Thanks to Mariuccia for suggesting our Baby Name of the Day.
In Latin, blaesus means to stutter or stammer, to lisp. From this root came the given name Blasius.
Like many an ancient name, Blaise endures thanks to a saint.
Saint Blaise was born in Sebastia, part of modern day Turkey. He served as bishop, and may have had some medical training.
Legend tells us that he healed the sick – people and animals, be they domestic or wild – and famously saved a boy from choking to death on a fishbone. Naturally, this makes Blaise the patron saint of throats.
His healing powers made him especially popular during outbreaks of plague, and Blaise is considered one of the Fourteen Holy Helpers to invoke against illness.
The saint’s popularity spread the name throughout Europe. This includes The Gate of Blasius in Basel, Switzerland, and Bristol, England’s Blaise Castle, named for nearby Blaise Hill. And, of course, the baby name Blaise spread across the continent, too.
French poet Robert de Boron included a priest called Blaes or Blaise in his poem Merlin, penned around the year 1200. Others continued the tale.
He’s a mentor to the young Merlin.
It’s not clear if his name relates to the saintly Blaise, or if it has another origin.
Way back in the seventeenth century, we find towering French philosopher and mathematician Blaise Pascal.
Pascal was a whipsmart kid, fascinated by science and math from his earliest days. His first major piece of work – still known as Pascal’s Theorem – was completed when he was just sixteen. Rene Descartes dismissed it as far too sophisticated to be written by one so young.
His final work was Pensées – thoughts – an incomplete document, meant to be the philosopher’s comprehensive defense of Christianity. Despite its unfinished state, it remains widely influential.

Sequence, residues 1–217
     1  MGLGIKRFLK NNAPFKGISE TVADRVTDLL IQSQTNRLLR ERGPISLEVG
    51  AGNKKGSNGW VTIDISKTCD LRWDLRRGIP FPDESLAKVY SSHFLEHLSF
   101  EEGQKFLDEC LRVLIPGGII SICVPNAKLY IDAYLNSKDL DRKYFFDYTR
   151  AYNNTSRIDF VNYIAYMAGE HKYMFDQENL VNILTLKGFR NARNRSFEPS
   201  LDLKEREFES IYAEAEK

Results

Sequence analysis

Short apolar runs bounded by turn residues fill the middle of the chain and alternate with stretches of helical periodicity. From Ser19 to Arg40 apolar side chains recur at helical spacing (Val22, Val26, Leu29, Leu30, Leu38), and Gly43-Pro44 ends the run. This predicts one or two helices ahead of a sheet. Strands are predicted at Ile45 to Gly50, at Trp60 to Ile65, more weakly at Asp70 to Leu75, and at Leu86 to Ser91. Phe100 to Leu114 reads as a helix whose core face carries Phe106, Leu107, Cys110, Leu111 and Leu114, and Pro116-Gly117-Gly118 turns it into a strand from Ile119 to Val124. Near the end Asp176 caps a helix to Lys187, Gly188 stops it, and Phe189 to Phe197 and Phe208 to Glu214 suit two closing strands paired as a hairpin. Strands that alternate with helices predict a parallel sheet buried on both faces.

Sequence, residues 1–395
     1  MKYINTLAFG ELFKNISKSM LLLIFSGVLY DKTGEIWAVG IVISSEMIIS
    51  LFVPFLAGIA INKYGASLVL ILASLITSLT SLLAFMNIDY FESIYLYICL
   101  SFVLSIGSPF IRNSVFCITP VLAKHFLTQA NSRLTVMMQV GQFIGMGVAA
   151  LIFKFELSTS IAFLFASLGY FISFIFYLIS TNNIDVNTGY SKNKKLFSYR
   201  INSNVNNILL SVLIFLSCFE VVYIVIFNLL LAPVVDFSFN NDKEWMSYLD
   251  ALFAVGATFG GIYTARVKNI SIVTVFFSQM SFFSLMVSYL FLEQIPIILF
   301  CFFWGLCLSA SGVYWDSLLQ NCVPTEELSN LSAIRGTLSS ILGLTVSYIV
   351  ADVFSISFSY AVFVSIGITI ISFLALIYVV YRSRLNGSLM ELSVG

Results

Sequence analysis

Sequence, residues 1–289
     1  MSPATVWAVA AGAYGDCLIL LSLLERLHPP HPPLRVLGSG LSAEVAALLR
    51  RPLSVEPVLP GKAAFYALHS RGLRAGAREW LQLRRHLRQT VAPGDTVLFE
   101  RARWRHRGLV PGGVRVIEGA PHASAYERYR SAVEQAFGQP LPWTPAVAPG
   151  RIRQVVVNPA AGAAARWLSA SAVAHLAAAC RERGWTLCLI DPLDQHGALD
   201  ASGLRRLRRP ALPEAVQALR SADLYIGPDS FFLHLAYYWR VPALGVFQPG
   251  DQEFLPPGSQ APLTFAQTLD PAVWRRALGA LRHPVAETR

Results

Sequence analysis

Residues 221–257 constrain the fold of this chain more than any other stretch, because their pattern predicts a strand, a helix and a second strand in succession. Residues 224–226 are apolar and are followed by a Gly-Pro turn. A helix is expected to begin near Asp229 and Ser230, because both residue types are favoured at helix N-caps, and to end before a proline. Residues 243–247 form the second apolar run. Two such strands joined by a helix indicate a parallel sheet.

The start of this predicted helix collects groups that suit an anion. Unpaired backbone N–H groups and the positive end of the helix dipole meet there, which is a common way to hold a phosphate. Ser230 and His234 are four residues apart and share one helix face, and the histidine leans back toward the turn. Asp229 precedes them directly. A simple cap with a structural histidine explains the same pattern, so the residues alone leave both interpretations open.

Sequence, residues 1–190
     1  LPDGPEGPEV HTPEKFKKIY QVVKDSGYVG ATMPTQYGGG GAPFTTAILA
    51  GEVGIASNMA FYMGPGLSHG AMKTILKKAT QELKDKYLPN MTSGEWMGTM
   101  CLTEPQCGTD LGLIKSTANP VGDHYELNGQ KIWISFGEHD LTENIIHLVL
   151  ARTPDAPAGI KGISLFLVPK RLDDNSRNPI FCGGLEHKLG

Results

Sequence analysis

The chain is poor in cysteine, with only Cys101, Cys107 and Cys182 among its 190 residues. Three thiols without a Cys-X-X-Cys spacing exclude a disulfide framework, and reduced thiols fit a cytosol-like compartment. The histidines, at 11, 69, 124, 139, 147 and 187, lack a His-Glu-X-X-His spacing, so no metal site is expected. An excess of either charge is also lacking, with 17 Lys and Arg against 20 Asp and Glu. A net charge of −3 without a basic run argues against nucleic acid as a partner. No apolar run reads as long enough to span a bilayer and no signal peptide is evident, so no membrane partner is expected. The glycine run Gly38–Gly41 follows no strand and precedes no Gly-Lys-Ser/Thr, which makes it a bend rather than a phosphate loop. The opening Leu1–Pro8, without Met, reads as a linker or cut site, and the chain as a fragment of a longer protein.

The scholar’s reputation lends a brainy edge to the baby name Blaise. And while the name is biggest in the francophone world, it’s broadly familiar elsewhere.
BY THE NUMBERS
The baby name Blaise peaked in France around the year 1900.
In the US, it’s a slightly different story.
In 1953 and 1962, the baby name Blaise briefly appeared in the Top 1000. But those aren’t outliers. They represent a tiny increase in births, just enough to tip the name very slightly into 900s from the 1000s.
Beginning in 1996, the baby name Blaise charted most years, up to and including 2017. It briefly dipped out of the rankings in 2018, only to return in 2019.
But – mostly – the numbers represent small changes in use. Blaise has danced on the edge of the US Top 1000 for years.
If the baby name Blaise represents an old school saint and a French mathematician, then what to make of the baby name Blaze?
It’s a different story entirely.
Blaze refers to a flame – and not just a little flicker of heat and light. A blaze is more of a roaring fire. It’s the saintly original, dressed up in a superhero cape.
Fiery Blaze comes from the Old English blaese – a torch or bright flame. It can also mean to lead the way, to blaze a trail, probably a word meaning mark. The trailblazer was the first to travel a path, cutting marks on trees to show the route.
Interesting, the baby name Blaze has fallen over the last few years. Other epic boy names, like Maverick, Legend, and Ace, are all climbing dramatically.
FIERY & THOUGHTFUL
While pop culture gives us a handful of uses of the name, none seem to be big enough to re-shape the image of the baby name Blaise … or Blaze, for that matter.
There is a minor Harry Potter character named Blaise Zabini – he’s a Slytherin – but, much as we love our Wizarding World names, this seems too obscure to make an impact.
Instead, the baby name Blaise might represent the best of both worlds. It mixes the spiritual and the academic, a modern sound with deep roots.
Parents seeking daring boy names could be every bit as attracted to Blaise as those after something with a modern sound but traditional sensibility.
And the good news? The baby name Blaise remains nicely rare, even as it returns to the Top 1000.
What do you think of the baby name Blaise? Which spelling do you prefer?
Originally published on January 3, 2009, this post was revised and re-published on December 22, 2014 and again on October 14, 2020.